In general, the catalysts are employed at temperatures below 300 C., and preferably below 250 C., in the treatment of diolefine-containing mixtures to remove therefrom highly unsaturated hydrocarbon impurities such as those hereinbefore mentioned. At higher temperatures, in the presence of the catalysts, diolefines undergo chemical reactions such as hydrogenation, polymerization and/or carbonization, to an objectionable extent. It will be understood that the maximum temperatures at which the catalysts may satisfactorily be used vary somewhat with the different catalysts and with changes in the rate of vapor flow, the depth of the catalyst bed, etc. In practice, the selective hydrogenation is usually carried out at temperatures below 225 C.

The minimum temperatures at which the catalysts may be-used for the selective hydrogenation, and therefore the ranges of temperatures over which they may be used, vary with changes in the kinds and proportions of the metals of which the catalysts are composed. In general,

In comparative experiments, using catalytic mixtures of copper and nickel supported on porous alpha-cristo balite, such metal mixture consisting of 99.91 per cent copper and 0.09 per cent nickel was satisfactorily active at 205 C. and above, whereas a mixture of 94.7 per cent copper and 5.3 per cent nickel was quite active at approximately 100 C. and was satisfactorily active at 135 C. Similarly, the minimum practical operating temperatures for catalytic mixtures consisting of a major amount of iron and a minor amount of copper decreased with increase in the proportion of the copper, and the minimum practical operating temperatures for mixtures consisting of a major amount of copper and a minor amount of iron decreased with increase in the proportion of the iron. However, the admixture with the copper or iron, employed as the principal catalyst ingredient, of a large proportion of another catalytic metal often results in a catalytic mixture which is not satisfactorily selective and which promotes destruction, e. g. by hydrogenation, polymerization or carbonization, of a considerable amount of the dioleflne in the hydrocarbon mixture under treatment. It is for these reasons that the catalyst is prepared so as to contain, together with the principal copper or iron ingredient, between 0.1 and 15, and preferably between 3 and 10, per cent by weight of one or more other metals.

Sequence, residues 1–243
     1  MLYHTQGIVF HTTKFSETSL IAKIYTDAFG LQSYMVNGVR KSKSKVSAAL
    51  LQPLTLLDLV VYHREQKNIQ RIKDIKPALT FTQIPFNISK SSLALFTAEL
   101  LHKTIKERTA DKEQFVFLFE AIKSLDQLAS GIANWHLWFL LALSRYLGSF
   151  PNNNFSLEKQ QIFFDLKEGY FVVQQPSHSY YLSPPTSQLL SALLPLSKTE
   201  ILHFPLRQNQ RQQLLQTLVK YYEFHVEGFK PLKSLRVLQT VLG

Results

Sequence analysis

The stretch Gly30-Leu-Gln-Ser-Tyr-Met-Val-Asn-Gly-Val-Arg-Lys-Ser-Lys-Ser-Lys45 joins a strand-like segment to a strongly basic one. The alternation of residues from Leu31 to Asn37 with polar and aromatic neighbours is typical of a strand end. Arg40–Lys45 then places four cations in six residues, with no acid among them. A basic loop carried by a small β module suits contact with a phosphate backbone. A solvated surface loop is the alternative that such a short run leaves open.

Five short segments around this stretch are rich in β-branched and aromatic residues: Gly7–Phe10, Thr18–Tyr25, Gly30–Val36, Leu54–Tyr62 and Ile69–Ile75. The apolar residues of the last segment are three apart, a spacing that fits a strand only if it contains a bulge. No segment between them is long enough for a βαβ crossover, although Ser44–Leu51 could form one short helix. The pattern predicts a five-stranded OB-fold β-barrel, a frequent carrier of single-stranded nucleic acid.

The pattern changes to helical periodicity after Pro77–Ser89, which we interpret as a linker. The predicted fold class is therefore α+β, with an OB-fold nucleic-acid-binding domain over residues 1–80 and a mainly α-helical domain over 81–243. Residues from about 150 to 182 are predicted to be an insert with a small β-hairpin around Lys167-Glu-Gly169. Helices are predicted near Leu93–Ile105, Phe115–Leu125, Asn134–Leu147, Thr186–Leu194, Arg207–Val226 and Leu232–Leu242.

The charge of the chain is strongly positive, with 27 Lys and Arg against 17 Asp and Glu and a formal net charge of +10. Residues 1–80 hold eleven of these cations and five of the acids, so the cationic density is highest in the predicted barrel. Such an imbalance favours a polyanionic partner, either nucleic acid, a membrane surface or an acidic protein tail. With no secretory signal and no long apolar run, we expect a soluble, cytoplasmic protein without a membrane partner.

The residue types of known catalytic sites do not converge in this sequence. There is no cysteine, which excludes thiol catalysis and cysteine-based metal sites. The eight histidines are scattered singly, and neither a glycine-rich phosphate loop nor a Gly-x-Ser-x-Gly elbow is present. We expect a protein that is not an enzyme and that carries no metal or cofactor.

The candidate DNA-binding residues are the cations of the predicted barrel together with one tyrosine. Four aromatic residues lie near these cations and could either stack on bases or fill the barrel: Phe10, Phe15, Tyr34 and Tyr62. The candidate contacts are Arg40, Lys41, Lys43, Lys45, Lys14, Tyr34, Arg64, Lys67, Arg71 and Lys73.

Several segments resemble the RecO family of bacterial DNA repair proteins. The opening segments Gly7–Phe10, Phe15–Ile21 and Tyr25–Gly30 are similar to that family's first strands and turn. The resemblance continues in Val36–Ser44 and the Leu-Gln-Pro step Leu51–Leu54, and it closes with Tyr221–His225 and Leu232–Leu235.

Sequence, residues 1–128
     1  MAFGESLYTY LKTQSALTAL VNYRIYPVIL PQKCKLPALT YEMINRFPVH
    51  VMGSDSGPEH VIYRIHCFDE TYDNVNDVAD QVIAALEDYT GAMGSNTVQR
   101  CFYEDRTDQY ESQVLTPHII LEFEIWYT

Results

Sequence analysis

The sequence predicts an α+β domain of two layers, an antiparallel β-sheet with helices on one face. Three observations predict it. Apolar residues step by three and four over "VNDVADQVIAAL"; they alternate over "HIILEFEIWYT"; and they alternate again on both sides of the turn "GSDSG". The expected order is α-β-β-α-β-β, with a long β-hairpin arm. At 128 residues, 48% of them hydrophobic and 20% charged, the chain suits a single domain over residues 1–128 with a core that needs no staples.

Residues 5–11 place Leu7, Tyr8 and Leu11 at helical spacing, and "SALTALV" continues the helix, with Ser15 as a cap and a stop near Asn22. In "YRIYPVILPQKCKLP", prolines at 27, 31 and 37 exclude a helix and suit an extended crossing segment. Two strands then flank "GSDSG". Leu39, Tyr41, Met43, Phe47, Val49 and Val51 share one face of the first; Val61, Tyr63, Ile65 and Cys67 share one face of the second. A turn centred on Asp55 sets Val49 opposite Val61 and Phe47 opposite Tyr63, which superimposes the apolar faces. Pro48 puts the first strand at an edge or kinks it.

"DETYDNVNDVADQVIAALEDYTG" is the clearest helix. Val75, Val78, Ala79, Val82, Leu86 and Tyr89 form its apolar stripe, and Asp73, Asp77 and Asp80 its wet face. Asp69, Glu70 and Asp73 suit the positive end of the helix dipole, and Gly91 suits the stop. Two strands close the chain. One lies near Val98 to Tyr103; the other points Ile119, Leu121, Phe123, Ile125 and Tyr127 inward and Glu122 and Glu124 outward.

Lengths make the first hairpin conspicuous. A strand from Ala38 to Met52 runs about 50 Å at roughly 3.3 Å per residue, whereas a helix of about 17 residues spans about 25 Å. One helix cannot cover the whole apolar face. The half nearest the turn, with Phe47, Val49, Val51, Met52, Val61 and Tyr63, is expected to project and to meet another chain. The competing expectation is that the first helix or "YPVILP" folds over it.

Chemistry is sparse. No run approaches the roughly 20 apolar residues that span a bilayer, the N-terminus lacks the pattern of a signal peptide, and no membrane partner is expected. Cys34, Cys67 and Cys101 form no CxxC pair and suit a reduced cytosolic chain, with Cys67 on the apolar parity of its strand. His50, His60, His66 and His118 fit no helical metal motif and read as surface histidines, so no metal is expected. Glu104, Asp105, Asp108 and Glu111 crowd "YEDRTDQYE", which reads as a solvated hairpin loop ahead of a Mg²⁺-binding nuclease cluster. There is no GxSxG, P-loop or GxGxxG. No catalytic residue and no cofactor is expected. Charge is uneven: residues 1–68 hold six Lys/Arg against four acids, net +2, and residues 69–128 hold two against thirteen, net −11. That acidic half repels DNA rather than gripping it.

The catalysts provided by the invention permit the selective hydrogenation of an alpha-acetylene in the presence of either a conjugated or an unconjugated diolefine, and they permit the selective hydrogenation of an alpha-beta-dioleflne, e. g. propadiene or butadiene-1.2, in the presence of a conjugated diolefine. It follows, 01 course, that they permit the concurrent hydrogenation in a single step of both an alpha-acetylene and an alpha-beta-dioleflne in the presence of a conjugated dioleflne to render the latter substantiall free of the equally unsaturated hydrocarbon impurities.

In order to hydrogenate an alpha-acetylene selectively in the presence of an alpha-beta-diolefine without appreciable destruction of the latter, it is necessary that the mixture, when passed over the catalyst, contain hydrogen in not more than per cent excess over the amount theoretically required to reduce the acetylene to a corresponding mono-oleflne. In practice the hydrogen is employed in the amount theoretically required for such reduction of the acetylene. Also, it is desirable that the reduction be carried out at a temperature not greatly in excess of that necessary for satisfactorily rapid reaction, since the tendency for the diolefine to react becomes greater with rise in the temperature. However. the

temperature may be varied considerably within the ranges hereinbefore stated, and yet obtain satisfactory results. Thus, the invention may be applied in treating a mixture of allene and methyl-acetylene to reduce and remove the latter and obtain the allene in more readily puriiiable orm.